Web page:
During the course of my happy coexistence with the LP-12, I did again occasionally dip my toes into the icy digital waters, but found it difficult to find a reasonably priced player that I could happily live with. That changed when, in the early-nineties, I heard the Rotel RCD-955AX, a player which was far from perfect but which rendered compact discs listenable in a way that previous players at its price point had failed to do. The 955AX allowed me, for the first time, to listen to compact discs for hours without fatigue or restlessness setting in. While it could get a little nasty in the treble on occasion, it was head and shoulders above most of its competition at the time. The 955AX was ultimately replaced with my current digital front end, the Theta Data Basic II transport, Theta DS Pro Progeny DAC and XLO Type 4 digital cable, which does things sonically that the little British-designed player could have only dreamed of, but the Rotel was, in my opinion, a budget reference in its time and one which still manages to fetch a decent return on the used market.

Now, I find myself presented with another budget CD player with high-end aspirations, namely the Rega Planet. Long-time analog stalwarts Rega Research, surely one of the last of the high-end manufacturers to bring a digital product to market, have had enormous success with their Planar turntables and RB300 tonearm, and obviously hope to have equal success with their analog-inspired digital creation. How successful the Planet is as musical device will certainly depend on your perspective. Those with a substantial investment in a very high-quality digital front end need not fear that the Planet has rendered it obsolete - my Theta-based front end easily bettered the Planet in many significant ways, as well it should for nearly four times the Planet's price! However, this comparison holds little relevance to potential purchasers of the Planet who are likely unwilling, or unable, to spend megabucks on a digital front end. For music lovers on a budget, the Planet offers battleship-like build quality (no paper-thin sheet metal or plastic to be found here), wonderful ergonomics, one-box convenience, and aesthetic beauty. The Planet's self-closing, top-loading mechanism, with integral disc clamp, is a joy to use, and its ingenious design means that it requires little more rack space than a drawer-loader. All right, so the Planet's built like a tank, looks and feels good, but how does it sound? If I had to choose one word to describe the sound of the Planet it would be "polite". None of the usual terms used to describe inexpensive CD players, such as "bright", "edgy", "hashy", "glaring", "grainy" or "forward" really apply to the sound of the Planet. The Planet has avery laid-back, somewhat analogue-like, presentation, that is a welcome change from the screaming budget boxes of the recent past. While I feel that the Planet's laid-back presentation is its most endearing quality, I do find it somewhat lacking in immediacy and presence. Whether or not you find this a liability will depend on your listening biases and associated components.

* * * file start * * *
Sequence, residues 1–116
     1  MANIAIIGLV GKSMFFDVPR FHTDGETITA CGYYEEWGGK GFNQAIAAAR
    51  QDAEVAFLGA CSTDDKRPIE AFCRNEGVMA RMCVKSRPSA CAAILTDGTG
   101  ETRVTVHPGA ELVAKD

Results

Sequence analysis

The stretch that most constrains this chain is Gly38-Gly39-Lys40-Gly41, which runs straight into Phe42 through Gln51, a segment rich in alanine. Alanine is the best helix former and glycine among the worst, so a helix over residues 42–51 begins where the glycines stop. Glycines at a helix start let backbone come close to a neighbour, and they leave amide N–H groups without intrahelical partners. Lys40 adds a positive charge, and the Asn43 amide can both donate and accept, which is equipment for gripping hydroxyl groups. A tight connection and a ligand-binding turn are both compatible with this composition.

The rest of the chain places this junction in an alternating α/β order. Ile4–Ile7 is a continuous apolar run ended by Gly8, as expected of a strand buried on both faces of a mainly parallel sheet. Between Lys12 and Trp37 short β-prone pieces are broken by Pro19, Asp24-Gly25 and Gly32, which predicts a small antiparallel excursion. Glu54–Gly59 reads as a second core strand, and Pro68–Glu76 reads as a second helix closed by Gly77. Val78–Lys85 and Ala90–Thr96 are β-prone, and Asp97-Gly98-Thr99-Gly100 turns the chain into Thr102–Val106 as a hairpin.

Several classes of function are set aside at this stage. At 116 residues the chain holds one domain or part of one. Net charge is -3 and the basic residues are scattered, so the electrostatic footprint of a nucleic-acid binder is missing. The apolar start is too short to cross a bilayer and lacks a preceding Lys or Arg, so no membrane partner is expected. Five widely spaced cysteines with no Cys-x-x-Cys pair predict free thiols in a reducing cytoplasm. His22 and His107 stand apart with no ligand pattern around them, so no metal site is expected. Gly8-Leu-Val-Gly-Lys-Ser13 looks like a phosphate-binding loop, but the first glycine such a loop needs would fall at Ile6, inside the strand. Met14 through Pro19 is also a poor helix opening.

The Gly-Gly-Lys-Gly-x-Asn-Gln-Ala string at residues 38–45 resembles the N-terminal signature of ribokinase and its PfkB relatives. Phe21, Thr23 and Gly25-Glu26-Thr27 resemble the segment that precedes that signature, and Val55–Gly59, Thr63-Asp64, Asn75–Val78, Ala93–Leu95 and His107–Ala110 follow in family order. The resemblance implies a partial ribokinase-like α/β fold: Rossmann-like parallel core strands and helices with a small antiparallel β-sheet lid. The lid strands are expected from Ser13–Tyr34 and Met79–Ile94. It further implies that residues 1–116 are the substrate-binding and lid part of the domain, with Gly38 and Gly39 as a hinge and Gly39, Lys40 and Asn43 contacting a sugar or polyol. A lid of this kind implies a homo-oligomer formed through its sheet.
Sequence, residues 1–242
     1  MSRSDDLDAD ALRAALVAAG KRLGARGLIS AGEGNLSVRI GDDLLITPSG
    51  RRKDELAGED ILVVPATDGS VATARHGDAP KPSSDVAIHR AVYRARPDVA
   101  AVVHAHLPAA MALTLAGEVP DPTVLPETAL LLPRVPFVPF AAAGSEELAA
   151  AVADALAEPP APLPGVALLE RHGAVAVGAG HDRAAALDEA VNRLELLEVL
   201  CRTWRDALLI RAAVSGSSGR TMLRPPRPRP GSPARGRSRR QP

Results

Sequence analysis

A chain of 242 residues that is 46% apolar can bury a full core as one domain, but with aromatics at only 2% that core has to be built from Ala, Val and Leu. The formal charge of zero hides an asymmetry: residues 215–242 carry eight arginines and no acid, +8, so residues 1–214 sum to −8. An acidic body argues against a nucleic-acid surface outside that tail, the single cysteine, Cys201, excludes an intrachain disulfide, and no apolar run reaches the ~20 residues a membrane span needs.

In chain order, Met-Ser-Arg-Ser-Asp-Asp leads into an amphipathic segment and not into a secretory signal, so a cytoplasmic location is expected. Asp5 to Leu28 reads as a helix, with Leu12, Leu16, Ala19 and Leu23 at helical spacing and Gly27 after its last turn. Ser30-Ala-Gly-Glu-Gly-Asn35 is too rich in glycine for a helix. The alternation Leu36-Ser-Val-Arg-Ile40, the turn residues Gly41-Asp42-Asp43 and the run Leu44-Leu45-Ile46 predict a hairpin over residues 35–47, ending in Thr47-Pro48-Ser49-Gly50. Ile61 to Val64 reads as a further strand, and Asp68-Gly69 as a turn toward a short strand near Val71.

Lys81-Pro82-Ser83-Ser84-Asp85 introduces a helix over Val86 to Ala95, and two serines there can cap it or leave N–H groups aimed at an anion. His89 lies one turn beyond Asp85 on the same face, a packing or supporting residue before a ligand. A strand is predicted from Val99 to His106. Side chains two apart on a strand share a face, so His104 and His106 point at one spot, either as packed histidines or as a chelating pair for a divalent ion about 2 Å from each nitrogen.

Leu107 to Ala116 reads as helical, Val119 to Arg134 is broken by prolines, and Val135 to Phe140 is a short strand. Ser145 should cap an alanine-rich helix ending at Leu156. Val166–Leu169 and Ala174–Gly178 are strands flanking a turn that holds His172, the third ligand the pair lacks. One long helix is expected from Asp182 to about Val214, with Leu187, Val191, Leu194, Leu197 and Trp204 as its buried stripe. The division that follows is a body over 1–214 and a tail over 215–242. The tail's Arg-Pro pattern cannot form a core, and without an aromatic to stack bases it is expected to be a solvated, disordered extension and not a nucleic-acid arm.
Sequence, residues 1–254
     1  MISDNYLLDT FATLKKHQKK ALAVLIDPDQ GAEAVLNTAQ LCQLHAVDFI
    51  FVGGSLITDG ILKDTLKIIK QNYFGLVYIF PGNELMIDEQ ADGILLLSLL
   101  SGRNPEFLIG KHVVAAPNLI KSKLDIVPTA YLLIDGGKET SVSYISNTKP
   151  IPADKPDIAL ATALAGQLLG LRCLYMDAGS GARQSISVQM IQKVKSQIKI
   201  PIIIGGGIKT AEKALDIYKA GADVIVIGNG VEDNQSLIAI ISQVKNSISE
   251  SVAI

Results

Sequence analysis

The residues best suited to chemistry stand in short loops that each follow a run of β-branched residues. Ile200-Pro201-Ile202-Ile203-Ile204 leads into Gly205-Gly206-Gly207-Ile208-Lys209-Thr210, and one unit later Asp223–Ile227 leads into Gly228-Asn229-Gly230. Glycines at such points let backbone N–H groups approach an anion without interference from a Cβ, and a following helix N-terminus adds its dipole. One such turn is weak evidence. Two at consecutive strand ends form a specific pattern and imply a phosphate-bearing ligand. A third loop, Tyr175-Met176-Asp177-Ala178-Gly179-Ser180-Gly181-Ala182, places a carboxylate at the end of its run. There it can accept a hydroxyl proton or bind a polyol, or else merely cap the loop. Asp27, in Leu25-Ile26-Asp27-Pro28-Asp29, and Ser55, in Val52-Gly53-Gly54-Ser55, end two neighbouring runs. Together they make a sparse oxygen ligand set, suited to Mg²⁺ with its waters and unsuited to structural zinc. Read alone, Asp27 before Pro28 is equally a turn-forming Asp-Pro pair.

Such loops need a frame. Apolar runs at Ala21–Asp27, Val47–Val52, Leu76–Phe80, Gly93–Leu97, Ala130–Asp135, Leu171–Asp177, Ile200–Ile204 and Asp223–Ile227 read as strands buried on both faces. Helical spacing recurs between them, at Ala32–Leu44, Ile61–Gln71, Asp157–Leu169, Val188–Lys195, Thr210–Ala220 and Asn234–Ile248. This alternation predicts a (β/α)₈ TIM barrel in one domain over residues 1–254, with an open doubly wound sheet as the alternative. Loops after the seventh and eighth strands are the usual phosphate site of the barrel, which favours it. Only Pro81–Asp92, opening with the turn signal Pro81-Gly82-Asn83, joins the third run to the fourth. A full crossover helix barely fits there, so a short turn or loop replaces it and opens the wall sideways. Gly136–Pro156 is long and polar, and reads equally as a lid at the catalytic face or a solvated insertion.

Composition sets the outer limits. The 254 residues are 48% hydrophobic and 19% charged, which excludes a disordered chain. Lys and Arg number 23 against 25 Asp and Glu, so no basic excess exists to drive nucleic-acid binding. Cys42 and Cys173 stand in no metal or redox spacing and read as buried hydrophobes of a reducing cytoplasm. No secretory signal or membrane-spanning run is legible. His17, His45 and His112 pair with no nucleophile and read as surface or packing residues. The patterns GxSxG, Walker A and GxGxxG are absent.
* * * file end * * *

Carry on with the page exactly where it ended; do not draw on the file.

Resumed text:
If aural memory serves, the Planet easily beat my previous budget reference, the Rotel RCD-955AX, in terms of sheer musicality and treble purity, although the Planet did sound a mite threadbare through the midrange. The Planet's midrange and top-end were detailed and free of grain or grit, rendering vocal recordings, and recordings rich in high-frequency content, with a delicacy and musicality rarely heard at this price point.

At the bottom-end of the spectrum, the Planet was a bit loose and lacking in extension and definition, but its performance in this area was still quite good for a player in this price range.

I could go on analyzing the pros and cons of the Planet, but Anthony Kershaw's comprehensive review has rendered further analysis unnecessary. Suffice it to say that I found the Planet to be a bit of a mixed bag sonically, but one which will likely appeal to many audiophiles. While I do admire Rega's attempts to banish the stereotypical digital nasties from the Planet, and, given what I heard, they were very successful at doing so, I feel that these efforts came at the expense of some immediacy and liveliness in the Planet's presentation. As far as build quality and ergonomics are concerned, the Planet is leaps and bounds ahead of its competition. Sonically, there are several competing machines that will certainly give it a run for its money.

Rega Planet CD Player
Price: US$800
Manufactured By Rega Research Ltd.
119 Park St.
Essex SSO 7PD

Source of review sample: Manufacturer loan

Copyright © 1997 Audiophilia, Inc. Home